As with any new employer requirements, these EOs are potentially good news or bad news, depending on your perspective. For some employers, a potential OSHA COVID-19 standard would certainly create new “to dos” during an already uncertain and stressful time. But on balance, the standard will actually help to reduce some of that uncertainty by giving employers who are responsible for multiple establishments a consistent framework for managing COVID-19 exposure risks. Widespread implementation of the measures in these EOs, including the EO establishing mask-wearing requirements during travel, may also help reduce the incidence of new COVID-19 cases, which will ultimately reduce potential future disruptions to business from spikes in case numbers.

Lastly, all of this demonstrates the importance of an active approach to EHS management. Which employers will be best situated to comply with an OSHA COVID-19 standard? I’d bet on the employers who’ve already been proactive about developing company-wide safety protocols based on recognized guidelines and emerging state COVID-19 standards. An active stance toward EHS management breaks the cycle of chasing regulatory compliance and allows employers to finally take a broader approach based on recognition and control of risks. If we have that kind of approach, we likely already have the agility we need to adapt our management system as new challenges and new regulatory requirements develop.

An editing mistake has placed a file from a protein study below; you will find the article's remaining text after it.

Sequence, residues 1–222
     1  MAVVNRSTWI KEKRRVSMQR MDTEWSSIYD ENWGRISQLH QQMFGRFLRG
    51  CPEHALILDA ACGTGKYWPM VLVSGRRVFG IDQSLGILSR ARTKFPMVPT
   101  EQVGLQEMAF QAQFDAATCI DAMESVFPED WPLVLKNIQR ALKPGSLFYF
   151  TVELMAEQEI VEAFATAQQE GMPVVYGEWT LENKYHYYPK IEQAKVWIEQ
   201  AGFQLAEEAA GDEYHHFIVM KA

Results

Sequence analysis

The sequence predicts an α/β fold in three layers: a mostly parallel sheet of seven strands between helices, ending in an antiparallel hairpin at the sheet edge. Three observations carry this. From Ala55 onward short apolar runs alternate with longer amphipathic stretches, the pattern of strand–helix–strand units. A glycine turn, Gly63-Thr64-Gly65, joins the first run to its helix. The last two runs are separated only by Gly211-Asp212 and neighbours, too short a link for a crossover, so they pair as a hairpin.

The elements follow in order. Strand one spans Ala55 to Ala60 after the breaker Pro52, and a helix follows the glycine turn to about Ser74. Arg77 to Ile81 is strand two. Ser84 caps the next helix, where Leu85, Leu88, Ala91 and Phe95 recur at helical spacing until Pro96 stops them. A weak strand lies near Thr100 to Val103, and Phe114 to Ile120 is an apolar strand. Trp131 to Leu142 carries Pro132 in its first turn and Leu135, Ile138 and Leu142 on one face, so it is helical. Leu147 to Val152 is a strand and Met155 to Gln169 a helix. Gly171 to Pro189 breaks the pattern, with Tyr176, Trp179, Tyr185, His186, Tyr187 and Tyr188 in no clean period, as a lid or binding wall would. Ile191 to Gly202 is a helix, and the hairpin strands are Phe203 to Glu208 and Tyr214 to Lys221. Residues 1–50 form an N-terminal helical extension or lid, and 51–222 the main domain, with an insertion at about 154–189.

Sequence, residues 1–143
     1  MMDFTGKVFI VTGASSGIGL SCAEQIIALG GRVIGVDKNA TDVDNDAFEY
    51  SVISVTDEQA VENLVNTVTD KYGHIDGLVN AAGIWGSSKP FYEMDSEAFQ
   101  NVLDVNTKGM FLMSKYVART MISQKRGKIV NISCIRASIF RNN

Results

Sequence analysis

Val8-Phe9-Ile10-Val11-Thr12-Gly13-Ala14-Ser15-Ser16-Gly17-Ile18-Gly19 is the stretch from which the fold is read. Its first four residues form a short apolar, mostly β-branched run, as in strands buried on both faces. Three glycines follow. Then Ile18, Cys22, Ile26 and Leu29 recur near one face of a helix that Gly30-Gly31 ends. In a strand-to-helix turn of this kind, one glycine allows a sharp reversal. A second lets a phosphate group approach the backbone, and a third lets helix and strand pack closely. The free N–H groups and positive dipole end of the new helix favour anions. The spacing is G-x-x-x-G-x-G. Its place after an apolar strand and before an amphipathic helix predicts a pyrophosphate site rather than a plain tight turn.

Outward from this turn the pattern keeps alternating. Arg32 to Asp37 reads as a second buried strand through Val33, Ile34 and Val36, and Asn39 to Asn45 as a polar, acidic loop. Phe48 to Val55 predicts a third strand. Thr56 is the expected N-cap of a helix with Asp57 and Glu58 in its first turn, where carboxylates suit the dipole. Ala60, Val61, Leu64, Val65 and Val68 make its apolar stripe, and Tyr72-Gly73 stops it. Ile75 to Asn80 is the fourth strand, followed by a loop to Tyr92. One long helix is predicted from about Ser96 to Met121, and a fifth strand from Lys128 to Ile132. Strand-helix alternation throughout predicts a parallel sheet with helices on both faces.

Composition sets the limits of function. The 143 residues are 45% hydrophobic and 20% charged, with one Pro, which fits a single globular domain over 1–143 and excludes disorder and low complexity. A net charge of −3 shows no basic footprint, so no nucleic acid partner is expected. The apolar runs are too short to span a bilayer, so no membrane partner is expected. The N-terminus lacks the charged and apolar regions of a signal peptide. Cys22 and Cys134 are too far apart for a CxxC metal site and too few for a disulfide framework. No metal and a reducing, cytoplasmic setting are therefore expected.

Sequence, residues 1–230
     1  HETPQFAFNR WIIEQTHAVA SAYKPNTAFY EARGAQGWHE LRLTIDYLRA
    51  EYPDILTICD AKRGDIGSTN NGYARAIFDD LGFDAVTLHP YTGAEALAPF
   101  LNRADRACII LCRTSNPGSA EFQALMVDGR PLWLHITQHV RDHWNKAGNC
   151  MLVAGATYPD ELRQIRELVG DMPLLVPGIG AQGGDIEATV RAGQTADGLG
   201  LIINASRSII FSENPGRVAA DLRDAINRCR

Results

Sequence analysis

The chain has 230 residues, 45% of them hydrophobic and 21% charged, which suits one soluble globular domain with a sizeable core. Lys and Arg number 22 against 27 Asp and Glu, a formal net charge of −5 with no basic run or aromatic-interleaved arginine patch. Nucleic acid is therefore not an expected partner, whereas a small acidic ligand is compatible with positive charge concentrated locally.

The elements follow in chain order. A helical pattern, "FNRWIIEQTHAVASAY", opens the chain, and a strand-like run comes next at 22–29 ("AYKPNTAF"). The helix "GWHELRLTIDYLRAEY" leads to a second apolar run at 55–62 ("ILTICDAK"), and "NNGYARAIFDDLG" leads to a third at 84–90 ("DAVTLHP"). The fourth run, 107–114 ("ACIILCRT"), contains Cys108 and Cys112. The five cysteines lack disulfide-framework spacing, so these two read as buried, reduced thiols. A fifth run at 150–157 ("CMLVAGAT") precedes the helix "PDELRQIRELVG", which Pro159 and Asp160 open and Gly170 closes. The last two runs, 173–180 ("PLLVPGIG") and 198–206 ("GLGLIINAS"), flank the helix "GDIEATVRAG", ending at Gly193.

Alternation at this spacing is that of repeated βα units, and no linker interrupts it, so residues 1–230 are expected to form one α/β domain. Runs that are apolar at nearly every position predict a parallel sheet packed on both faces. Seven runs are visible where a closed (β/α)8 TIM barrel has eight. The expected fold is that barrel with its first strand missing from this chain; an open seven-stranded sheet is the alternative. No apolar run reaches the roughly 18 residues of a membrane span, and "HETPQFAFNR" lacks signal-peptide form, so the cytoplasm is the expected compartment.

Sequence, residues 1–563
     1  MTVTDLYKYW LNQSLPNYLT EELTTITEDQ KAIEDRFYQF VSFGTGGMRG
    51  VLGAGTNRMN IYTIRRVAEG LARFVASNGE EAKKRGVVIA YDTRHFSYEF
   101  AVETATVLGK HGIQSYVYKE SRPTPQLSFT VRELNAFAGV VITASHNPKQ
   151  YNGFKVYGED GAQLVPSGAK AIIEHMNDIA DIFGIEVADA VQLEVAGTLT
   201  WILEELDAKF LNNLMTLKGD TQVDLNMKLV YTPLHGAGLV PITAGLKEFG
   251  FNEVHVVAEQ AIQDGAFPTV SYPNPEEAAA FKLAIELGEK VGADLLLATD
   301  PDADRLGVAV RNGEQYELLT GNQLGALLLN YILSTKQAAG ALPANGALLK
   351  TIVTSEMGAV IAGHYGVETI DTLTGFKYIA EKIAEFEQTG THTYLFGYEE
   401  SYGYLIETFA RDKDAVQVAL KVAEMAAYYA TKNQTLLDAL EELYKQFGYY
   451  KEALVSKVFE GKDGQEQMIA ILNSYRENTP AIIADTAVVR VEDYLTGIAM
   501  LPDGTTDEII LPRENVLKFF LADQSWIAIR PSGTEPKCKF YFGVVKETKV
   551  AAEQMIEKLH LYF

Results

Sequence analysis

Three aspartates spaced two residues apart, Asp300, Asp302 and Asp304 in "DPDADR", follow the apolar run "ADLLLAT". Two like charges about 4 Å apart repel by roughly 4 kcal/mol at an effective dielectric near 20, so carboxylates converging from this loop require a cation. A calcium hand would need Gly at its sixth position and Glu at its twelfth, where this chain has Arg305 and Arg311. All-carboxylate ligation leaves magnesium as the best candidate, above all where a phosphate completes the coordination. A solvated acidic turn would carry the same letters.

It can be challenging to get to a point of active EHS management, especially with all of our everyday management tasks and all of the additional obligations brought by the COVID-19 pandemic. Luckily, help is available. Modern cloud-based EHS software can simplify your most important responsibilities, help you keep all of the right people looped in, and give you the data visibility to drive better decision making.

Let VelocityEHS Help!

Looking for an easier, faster way to stay on top of your COVID-19 and general workplace safety requirements? VelocityEHS offers a full suite of EHS management software solutions that can help you track, implement and document the COVID-19 protections and requirements contained in current state COVID-19 standards, and any federal OSHA standard that may be on the horizon.

Whether it’s our Incident Management solution that can help you more easily record and document work-related COVID-19 cases, our SDS/Chemical Management solution that simplifies the management of safety data sheets associated with cleaning and disinfecting products, or our Audit & Inspection solution and VelocityEHS Mobile App that make it quick and easy to assess your regulatory requirements and verify compliance wherever you operate, we give you a comprehensive set of tools to help better protect your workers during this uncertain and difficult time.

For more information, please feel free to contact us or give us a call at 1.866.919.7922.